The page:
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Viruses 2011, 3(5), 493-519; doi:10.3390/v3050493

The Pathogenesis of Rift Valley Fever

1,3,4,*  and 2,3,4
Received: 31 March 2011 / Revised: 26 April 2011 / Accepted: 2 May 2011 / Published: 6 May 2011
(This article belongs to the Special Issue Pathogenesis of Emerging and Re-Emerging RNA Viruses)
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Rift Valley fever (RVF) is an emerging zoonotic disease distributed in sub-Saharan African countries and the Arabian Peninsula. The disease is caused by the Rift Valley fever virus (RVFV) of the family Bunyaviridae and the genus Phlebovirus. The virus is transmitted by mosquitoes, and virus replication in domestic ruminant results in high rates of mortality and abortion. RVFV infection in humans usually causes a self-limiting, acute and febrile illness; however, a small number of cases progress to neurological disorders, partial or complete blindness, hemorrhagic fever, or thrombosis. This review describes the pathology of RVF in human patients and several animal models, and summarizes the role of viral virulence factors and host factors that affect RVFV pathogenesis.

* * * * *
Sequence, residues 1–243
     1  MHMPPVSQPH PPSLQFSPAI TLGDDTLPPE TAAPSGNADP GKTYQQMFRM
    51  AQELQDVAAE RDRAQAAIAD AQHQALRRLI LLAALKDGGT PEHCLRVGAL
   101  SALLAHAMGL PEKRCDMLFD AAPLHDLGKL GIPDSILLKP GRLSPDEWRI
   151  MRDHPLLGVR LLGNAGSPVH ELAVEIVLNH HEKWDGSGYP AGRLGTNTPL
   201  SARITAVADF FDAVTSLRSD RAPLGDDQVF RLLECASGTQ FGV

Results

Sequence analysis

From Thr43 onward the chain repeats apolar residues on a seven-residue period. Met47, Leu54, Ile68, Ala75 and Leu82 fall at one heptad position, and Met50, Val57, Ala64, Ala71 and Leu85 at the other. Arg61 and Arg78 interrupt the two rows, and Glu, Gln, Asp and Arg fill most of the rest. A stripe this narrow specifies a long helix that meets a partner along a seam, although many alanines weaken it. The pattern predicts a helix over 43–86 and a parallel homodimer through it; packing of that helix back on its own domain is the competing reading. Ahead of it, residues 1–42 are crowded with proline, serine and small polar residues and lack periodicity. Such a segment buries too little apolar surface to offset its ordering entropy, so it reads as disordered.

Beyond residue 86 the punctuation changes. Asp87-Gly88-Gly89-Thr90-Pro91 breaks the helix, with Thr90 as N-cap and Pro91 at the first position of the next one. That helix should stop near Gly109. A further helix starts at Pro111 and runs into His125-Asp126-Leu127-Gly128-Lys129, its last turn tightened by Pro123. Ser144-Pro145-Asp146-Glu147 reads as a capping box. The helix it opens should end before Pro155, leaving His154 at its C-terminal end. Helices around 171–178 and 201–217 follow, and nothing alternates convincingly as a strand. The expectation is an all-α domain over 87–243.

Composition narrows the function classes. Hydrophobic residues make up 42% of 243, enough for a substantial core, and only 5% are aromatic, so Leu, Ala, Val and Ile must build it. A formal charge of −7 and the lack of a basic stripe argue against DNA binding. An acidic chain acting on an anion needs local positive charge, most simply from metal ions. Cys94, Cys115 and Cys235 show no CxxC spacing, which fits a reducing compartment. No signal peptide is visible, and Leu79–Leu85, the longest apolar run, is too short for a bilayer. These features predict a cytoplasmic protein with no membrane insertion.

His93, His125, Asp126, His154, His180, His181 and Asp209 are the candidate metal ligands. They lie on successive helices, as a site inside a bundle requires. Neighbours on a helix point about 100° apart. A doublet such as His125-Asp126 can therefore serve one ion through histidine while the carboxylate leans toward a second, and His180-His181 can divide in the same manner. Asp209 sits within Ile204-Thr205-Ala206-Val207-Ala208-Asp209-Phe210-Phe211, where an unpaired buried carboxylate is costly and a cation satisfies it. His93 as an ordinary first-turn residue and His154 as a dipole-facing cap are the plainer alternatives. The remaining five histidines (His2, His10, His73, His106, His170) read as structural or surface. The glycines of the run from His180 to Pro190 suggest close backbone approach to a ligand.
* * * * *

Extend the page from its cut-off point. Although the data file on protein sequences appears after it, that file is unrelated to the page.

Keywords: Rift Valley fever virus; pathogenesis; hemorrhagic fever; encephalitis; blindness Rift Valley fever virus; pathogenesis; hemorrhagic fever; encephalitis; blindness
This is an open access article distributed under the Creative Commons Attribution License which permits unrestricted use, distribution, and reproduction in any medium, provided the original work is properly cited.

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Ikegami, T.; Makino, S. The Pathogenesis of Rift Valley Fever. Viruses 2011, 3, 493-519.

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